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Italy in the Renaissance—The Five Great Powers—The King-

dom of Naples—The Papacy-The Duncy of Milan-
Venice—The Florentine Republic-Wars of Invasion
closed by the Sack of Rome in 1527–Concordat between
Clement VII. and Charles V.- Treaty of Barcelona and
Paix des Dames-Charles lands at Genoa-His Journey
to Bologna-Entrance into Bologna and Reception by
Clement-Mustering of Italian Princes—Franceso Sforza
replaced in the Duchy of Milan- Venetian Embassy-
Italian League signed on Christmas Eve 1529—Florence
alone excluded - The Siege of Florence pressed by the
Prince of Orange-Charles's Coronation as King of Italy
and Holy Roman Emperor-The Significance of this
Ceremony at Bologna-Ceremony in S. Petronio-Settle-
ment of the Duchy of Ferrara-Men of Letters and Arts
at Bologna—The Emperor's Use of the Spanish Habil-
Charles and Clement leave Bologna in March 1530—Rc-
view of the Settlement of Italy affected by Emperor and
Pope-Extinction of Republics-Subsequent Absorption
of Ferrara and Urbino into the Papal States—Savoy be-
comes an Italian Power—Period between Charles's Coro-
nation and the Peace of Cateau Cambresis in 1559-Eco-
nomical and Social Condition of the Italians under Span-
ish Hegemony-The Nation still exists in Separate Com-
munities– Intellectual Conditions—Predominance of Spain
and Rome-Both Cosmopolitan Powers-Leveling down
of the Component Portions of the Nation in a Common
Servitude-The Evils of Spanish Rule

The Counter-Reformation-Its Intellectual and Moral Charac-

ter-Causes of the Gradual Extinction of Renaissance

Energy-Transition from the Renaissance to the Catholic

Revival-New Religious Spirit in Italy-Attitude of Ital-

ians toward German Reformation-Oratory of Divine Love

-Gasparo Contarini and the Moderate Reformers-New

Religious Orders—Paul III.-His early History and Edu-

cation-Political Attitude between France and Spain,

Creation of the Duchy of Parma-Imminence of a General

Council - Review of previous Councils—Paul's Uneasiness

-Opens a Council at Trent in 1542—Protestants virtually

excluded, and Catholic Dogmas confirmed in the first Ses-

sions-Death of Paul in 1549-Julius III.-Paul IV.-

Character and Ruling Passions of G. P. Caraffa-His

Futile Opposition to Spain—Tyranny of His Nephews-

Their Downfall-Paul devotes himself to Church Reform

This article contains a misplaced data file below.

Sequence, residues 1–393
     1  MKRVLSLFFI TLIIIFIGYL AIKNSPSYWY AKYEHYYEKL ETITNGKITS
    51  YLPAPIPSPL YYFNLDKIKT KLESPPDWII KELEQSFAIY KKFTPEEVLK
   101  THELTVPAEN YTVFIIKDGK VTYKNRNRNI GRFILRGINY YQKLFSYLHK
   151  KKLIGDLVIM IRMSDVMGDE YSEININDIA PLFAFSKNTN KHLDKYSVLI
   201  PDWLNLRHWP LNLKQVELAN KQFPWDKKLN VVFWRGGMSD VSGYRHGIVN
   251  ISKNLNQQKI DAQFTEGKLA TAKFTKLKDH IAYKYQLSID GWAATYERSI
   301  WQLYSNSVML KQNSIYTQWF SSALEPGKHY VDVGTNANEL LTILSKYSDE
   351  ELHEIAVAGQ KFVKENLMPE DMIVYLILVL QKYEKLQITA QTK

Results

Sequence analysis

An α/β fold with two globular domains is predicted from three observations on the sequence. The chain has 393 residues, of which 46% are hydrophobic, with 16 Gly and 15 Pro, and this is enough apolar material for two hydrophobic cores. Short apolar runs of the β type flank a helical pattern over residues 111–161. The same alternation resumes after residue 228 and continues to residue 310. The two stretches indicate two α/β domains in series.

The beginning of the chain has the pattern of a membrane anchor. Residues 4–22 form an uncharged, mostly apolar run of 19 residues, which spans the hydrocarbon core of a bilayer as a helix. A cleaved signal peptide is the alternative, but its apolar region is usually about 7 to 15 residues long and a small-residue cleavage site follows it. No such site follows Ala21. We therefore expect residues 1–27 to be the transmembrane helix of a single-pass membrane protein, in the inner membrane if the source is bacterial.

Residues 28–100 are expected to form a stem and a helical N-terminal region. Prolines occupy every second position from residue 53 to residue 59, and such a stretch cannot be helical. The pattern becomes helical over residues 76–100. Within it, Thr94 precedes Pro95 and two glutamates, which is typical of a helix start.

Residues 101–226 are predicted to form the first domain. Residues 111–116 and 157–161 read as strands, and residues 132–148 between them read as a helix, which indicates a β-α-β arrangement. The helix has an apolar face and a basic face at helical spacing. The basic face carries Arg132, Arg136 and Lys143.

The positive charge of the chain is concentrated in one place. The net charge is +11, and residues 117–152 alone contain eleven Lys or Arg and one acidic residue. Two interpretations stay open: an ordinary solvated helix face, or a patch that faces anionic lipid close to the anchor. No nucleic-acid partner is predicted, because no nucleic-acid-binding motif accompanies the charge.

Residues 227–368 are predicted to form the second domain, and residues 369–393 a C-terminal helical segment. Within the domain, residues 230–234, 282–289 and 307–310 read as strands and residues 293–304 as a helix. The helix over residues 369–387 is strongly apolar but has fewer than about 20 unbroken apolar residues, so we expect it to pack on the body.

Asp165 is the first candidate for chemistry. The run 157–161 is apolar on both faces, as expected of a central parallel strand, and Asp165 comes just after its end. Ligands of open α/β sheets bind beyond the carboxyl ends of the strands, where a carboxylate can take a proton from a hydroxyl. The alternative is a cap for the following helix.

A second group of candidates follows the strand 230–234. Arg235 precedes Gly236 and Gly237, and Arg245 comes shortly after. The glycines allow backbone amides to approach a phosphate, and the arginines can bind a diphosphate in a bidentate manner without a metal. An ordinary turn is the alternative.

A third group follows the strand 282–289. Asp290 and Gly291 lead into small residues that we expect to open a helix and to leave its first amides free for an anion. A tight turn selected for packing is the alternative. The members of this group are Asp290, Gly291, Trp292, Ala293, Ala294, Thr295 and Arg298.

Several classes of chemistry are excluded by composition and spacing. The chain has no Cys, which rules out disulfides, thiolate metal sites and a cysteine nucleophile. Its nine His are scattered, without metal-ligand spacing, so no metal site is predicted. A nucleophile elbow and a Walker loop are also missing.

and the Inquisition- Pius IV.-His Minister Morone-

-Diplomatic Temper of this Pope-His Management of

the Council - Assistance rendered by his Nephew Carlo

Borromeo-Alarming State of Northern Europe - The

Council reopened at Trent in 1562—Subsequent History of

the Council-It closes with a complete Papal Triumph in

1563—Place of Pius IV. in History-Pius V.—The In-

quisitor Pope-Population of Rome-Social Corruption-

Sale of Offices and Justice—Tridentinc Reforms depress

Wealth-Ascetic Purity of Manners becomes fashionable-

Piety-The Catholic Reaction gencrates the Counter-

Reformation-Battle of Lepanto-Gregory XIII.—His Re-

latives—Policy of enriching the Church at Expense of

the Barons—Brigandage in States of the Church-Sixtus

V.-His Stern Justice-Rigid Economy-Great Public

Works—Taxation - The City of Rome assumes its present

form-Nepotism in the Counter-Reformation Period--

Various Estimates of the Wealth accumulated by Papal

Nephews-Rise of Princely Roman Families


Different Spirit in the Holy Office and the Company of Jesus

-Both needed by the Counter-Reformation-Heresy in


the Early Church-First Origins of the Inquisition in 1203

-S. Dominic The Holy Office becomes a Dominican Insti-

tution-Recognized by the Empire-Its earlyOrganization-

The Spanish Inquisition-Founded in 1484-How it differ-

ed from the earlier Apostolical Inquisition-Jews, Moors,

New Christians-Organization and History of the Holy

Office in Spain-Torquemada and his Successors—The

Spanish Inquisition never introduced into Italy-How the

Roman Inquisition organized by Caraffa differed from it

-Autos da fe in Rome-Proscription of suspected Luth-

erans—The Calabrian Waldenses—Protestants at Locarno

and Venice-Digression on the Venetian Holy Office-

Persecution of Free Thought in Literature-Growth of the

Index Librorum Prohibitorum-Sanction given to it by

the Council of Trent–The Roman Congregation of the

Index-Final Form of the Censorship of Books under

Clement VIII.-Analysis of its Regulations-Proscription

of Herctical Books-Correction of Texts—Purgation and

Castration-Inquisitorial and Episcopal Licenses-Work-

ing of the System of this Censorship in Italy-Its long

Delays-Hostility to Sound Learning-Ignorance of the

Censors-laterference with Scholars in their Work-Ter.

rorism of Booksellers—Vatican Scheme for the Restora.

tion of Christian Erudition-Frustrated by the Tyranny of

the Index-Dishonesty of the Vatican Scholars--Biblical

Studies rendered nugatory by the Tridentine Decree on the

Vulgate-Decline of Learning in Universities-Miserable

Servitude of Professors-Greck dies out-Murelus and

Manutius in Rome-The Index and ils Treatment of Poli.

tical Works-Machiavelli-Ralio Slaius-Encouragement

of Literature on Papal Absolutism-Sarpi's Attitude-Com-

parative Indifference of Rome to Books of Obscene or Im.

moral Tendency-Bandello and Boccaccio Papal At.

tempes to control latercourse of Italians with Herecia

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